What is the Input Validation Framework?
The Input Validation Framework is a centralized security framework used to validate that external input is provided in the expected format. Validating user input is critical because it is the basis for generated HTML and REST API output, used in the construction of SQL queries, used to access files, etc. Malicious input can be used to compromise the security of a Sugar instance and the underlying infrastructure. The validation framework provides better control than the pre-existing input sanitization techniques applied to user input within Sugar.
Fixing Input Validation problems
Sugar’s input validation was enabled but only logging failures as warnings into the sugarcrm.log file since the 7.7.1 release. With the Winter ‘18 release, the validation.soft_fail configuration setting will now default to false. This means that input validation checks will be strictly enforced by default instead of simply logging warning messages.
Identifying input validation violations
Beginning in the Winter ‘18 release, input validation violations are reported as PHP Fatal errors in the PHP error log and Critical error messages in sugarcrm.log file. Invalid requests will generally be terminated with an HTTP 500 error as well.
Let’s walk through an example of an input validation violation.
In this example, we have a customization that is accessing the Sugar instance at the following URL: sugarcrm/ult/#bwc/index.php?module=xxxxx.
If xxxxx is not a registered module, there will be a FATAL error in the PHP error log.
[15-Jan-2018 22:04:09] WARNING: [pool www] child 1940 said into stderr: "NOTICE: PHP message: PHP Fatal error: Uncaught exception 'Sugarcrm\Sugarcrm\Security\InputValidation\Exception\ViolationException' with message 'Violation for REQUEST -> module' in /srv/www/<instance>/prebuild/test/ult/sugarcrm/src/Security/InputValidation/Request.php:280"
[15-Jan-2018 22:04:09] WARNING: [pool www] child 1940 said into stderr: "Stack trace:"
[15-Jan-2018 22:04:09] WARNING: [pool www] child 1940 said into stderr: "#0 /srv/www/<instance>/prebuild/test/ult/sugarcrm/src/Security/InputValidation/Request.php(209): Sugarcrm\Sugarcrm\Security\InputValidation\Request->handleViolations('REQUEST', 'module')"...
The sugarcrm.log will also show an error.
Tue Jan 16 06:05:18 2018 [-none-][CRITICAL] InputValidation: [REQUEST] module -> Invalid module xxxxx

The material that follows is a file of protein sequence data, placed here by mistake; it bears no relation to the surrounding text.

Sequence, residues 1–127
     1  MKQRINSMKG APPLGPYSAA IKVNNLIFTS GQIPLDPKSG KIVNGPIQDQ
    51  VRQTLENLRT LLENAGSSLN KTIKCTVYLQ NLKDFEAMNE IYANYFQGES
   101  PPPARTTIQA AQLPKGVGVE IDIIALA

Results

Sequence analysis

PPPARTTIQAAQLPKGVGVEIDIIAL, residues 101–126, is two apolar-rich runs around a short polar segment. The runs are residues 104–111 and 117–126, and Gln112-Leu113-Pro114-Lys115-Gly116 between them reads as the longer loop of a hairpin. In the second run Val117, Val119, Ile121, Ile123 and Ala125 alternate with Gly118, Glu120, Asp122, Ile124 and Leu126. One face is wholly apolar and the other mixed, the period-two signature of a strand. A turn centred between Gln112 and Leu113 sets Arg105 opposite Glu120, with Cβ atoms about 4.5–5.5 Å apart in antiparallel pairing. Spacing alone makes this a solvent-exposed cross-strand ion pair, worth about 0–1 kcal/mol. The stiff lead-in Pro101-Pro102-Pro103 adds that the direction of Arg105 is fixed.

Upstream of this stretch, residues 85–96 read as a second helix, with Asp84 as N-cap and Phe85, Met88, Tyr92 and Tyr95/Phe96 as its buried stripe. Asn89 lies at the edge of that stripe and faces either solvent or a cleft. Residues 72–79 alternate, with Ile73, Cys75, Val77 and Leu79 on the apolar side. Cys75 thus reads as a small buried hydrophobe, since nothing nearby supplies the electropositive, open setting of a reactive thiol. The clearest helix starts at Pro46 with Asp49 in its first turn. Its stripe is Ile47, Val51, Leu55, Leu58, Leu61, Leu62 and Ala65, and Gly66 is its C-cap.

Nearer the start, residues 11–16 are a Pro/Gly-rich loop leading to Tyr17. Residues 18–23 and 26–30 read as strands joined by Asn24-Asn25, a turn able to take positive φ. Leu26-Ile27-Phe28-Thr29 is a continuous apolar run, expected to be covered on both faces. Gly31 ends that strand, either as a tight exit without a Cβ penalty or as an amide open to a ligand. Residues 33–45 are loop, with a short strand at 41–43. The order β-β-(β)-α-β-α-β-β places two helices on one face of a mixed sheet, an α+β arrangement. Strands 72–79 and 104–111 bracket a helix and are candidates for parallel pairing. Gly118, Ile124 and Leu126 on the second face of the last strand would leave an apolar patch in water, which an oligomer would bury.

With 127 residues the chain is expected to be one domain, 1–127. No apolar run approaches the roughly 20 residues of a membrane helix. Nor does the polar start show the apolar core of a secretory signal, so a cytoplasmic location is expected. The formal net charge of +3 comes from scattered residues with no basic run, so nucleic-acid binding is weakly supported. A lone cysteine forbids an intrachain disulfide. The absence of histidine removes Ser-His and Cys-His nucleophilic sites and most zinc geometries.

From the end user perspective, these fatal errors will cause pages to appear blank or stalled during loading. If you inspect the browser console when this happens, you will likely see HTTP errors logged.
Fixing input validation violations
The steps to take to fix the violation are going to depend on the exact constraint that you are violating. Luckily the exceptions you find in the PHP error log and the messages in the sugarcrm.log will indicate the constraint that you are violating.
In the above example, attempting to access a BWC view for an unregistered custom module “xxxxx” is causing the failure. If you make sure that the module you are using is properly registered in Sugar’s module list, or modify your request to use an existing Sugar module, then this will fix this issue since the constraint is checking if the module name is a known modules installed in this Sugar instance.
There are basic Symfony framework PHP constraints that we use. These do not need an in depth explanation. The basic Symfony constraints can be used to validate URLs, date time formats, etc. Check out the Symfony documentation for these basic constraints.
In Sugar's implementation, we add our own set of validation constraints. These constraints extend from Symfony's Constraint and ConstraintValidator classes and are located in the ./src/Security/Validator/Constraints directory of your Sugar installation. Each Constraint is enforced using a related Validator class. You can inspect the Validator classes to see the precise logic that needs to be followed. For example, the Bean/ModuleName constraint is implemented by the Bean/ModuleNameValidator class. This constraint is used to ensure that the input is a string that matches the name of a valid module with an associated SugarBean class.